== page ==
Economic and environmental impact of sweeteners
Beyond health, what sweetener is better for the planet? Probably agave or honey since they are the least processed and don’t require many harsh chemicals.
Supporting HFCS supports corn subsidies. This feeds into the larger system of poor farm and agricultural management. Further, getting HFCS from corn is costly, from an environmental perspective.
Why is HFCS even used? Mainly money. It’s cheap due to corn subsidies and the cost of sugar imports.
And let’s be honest, there’s a high correlation (based on my ventures to the grocery store) between products containing HFCS and food companies that don’t care about our health/planet. If a food has HFCS, it’s probably a crappy food to be consuming regularly on both fronts.
Cheap or enslaved labour in Caribbean, South American, and South Asian colonies ensured that starting in the 1500s, sugar was more available to the average consumer; before then, it had been a luxury item restricted to the upper classes.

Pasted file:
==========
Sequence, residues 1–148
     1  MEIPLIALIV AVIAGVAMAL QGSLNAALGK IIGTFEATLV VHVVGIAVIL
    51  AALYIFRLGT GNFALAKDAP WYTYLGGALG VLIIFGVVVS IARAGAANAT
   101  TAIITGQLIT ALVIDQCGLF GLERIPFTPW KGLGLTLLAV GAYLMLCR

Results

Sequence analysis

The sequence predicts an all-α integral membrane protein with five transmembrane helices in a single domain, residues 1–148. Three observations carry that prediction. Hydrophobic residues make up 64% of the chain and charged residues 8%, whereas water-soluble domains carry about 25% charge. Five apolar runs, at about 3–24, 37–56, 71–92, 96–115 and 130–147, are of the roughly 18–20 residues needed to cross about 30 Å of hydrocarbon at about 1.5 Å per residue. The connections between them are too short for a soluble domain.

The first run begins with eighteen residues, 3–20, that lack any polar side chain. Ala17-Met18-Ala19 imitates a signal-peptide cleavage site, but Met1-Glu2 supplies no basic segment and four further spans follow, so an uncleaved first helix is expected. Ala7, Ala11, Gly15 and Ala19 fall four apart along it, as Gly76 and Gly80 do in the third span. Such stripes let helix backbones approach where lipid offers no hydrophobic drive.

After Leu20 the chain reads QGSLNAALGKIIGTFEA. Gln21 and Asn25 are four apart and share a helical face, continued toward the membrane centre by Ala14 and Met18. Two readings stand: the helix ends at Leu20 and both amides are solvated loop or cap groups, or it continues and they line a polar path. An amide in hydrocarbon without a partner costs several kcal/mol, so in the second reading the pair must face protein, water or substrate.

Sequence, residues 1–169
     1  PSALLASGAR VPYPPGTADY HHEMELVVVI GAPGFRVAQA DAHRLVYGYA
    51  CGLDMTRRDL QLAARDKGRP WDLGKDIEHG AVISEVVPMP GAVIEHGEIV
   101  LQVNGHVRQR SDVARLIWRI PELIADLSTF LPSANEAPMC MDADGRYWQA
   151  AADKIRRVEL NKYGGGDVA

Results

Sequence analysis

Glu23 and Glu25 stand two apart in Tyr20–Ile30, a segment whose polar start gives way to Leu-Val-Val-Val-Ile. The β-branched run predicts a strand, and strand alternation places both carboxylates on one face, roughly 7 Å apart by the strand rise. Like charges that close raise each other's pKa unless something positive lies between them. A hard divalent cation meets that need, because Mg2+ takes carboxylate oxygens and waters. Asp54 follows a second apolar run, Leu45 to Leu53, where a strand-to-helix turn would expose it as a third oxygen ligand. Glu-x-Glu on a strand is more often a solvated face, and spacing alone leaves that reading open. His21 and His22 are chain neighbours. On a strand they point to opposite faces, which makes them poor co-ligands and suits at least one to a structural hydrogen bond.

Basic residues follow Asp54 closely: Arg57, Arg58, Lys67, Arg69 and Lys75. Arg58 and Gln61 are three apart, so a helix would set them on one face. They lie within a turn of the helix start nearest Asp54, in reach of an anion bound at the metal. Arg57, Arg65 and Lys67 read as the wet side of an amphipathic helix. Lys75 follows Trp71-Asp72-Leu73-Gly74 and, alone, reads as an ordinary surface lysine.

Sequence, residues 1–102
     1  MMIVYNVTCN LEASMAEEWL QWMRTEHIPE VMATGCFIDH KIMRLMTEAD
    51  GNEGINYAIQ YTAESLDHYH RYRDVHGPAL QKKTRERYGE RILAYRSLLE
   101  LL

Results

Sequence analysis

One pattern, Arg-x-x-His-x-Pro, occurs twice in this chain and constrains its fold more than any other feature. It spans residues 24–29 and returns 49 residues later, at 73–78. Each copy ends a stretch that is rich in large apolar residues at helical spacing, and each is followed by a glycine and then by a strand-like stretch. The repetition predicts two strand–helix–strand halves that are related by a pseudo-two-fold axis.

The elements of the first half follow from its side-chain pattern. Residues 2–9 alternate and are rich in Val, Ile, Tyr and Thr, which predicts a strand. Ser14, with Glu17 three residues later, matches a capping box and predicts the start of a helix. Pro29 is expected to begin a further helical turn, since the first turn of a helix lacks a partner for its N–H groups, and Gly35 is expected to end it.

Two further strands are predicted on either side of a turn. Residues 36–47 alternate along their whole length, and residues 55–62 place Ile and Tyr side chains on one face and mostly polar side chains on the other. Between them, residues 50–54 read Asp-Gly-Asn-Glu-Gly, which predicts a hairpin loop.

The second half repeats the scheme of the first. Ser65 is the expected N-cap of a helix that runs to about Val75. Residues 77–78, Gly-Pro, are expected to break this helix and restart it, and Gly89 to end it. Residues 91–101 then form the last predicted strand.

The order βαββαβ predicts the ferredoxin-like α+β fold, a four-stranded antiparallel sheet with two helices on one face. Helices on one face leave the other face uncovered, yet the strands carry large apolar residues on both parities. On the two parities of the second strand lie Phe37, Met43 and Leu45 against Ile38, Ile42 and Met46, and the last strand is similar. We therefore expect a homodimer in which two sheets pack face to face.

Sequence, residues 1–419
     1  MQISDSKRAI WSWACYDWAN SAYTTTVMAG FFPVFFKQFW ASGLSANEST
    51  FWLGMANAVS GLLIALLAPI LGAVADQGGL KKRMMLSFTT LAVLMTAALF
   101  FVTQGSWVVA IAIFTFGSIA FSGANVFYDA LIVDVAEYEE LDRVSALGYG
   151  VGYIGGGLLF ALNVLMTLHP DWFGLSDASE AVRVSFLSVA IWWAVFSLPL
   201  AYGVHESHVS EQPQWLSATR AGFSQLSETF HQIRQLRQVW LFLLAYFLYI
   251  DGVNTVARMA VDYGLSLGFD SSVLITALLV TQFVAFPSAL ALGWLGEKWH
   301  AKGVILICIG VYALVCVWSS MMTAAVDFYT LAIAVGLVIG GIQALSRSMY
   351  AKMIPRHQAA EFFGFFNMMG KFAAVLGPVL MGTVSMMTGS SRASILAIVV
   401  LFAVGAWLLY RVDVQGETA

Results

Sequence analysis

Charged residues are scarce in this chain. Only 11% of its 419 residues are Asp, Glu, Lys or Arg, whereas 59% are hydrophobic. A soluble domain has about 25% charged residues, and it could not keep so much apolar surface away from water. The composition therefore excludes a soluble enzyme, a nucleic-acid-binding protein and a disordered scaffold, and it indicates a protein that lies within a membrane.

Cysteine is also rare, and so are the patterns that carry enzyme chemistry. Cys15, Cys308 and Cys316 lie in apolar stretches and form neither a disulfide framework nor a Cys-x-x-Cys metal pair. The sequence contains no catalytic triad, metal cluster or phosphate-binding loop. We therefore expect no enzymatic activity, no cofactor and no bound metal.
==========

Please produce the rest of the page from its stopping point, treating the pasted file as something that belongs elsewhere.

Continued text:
Sugar is still produced under poor labour conditions in most places. Most sugar comes from developing nations. Workers are not always sufficiently compensated for their efforts nor treated humanely.
Fair trade certification means the workers are getting a fair wage and fair treatment. Is your sweetener Fair Trade Certified?
Summary and recommendations
No matter which sweetener you choose, quantity is the real issue.
If sweeteners — from any source — make up more than 5% of your overall diet, that’s probably bad news for your heart, vessels, waistline and insulin sensitivity.
Let’s say you consume about 2000 calories per day. 5% of that is 100 calories per day. Translation: 25 grams or about 2 tablespoons of added sweeteners.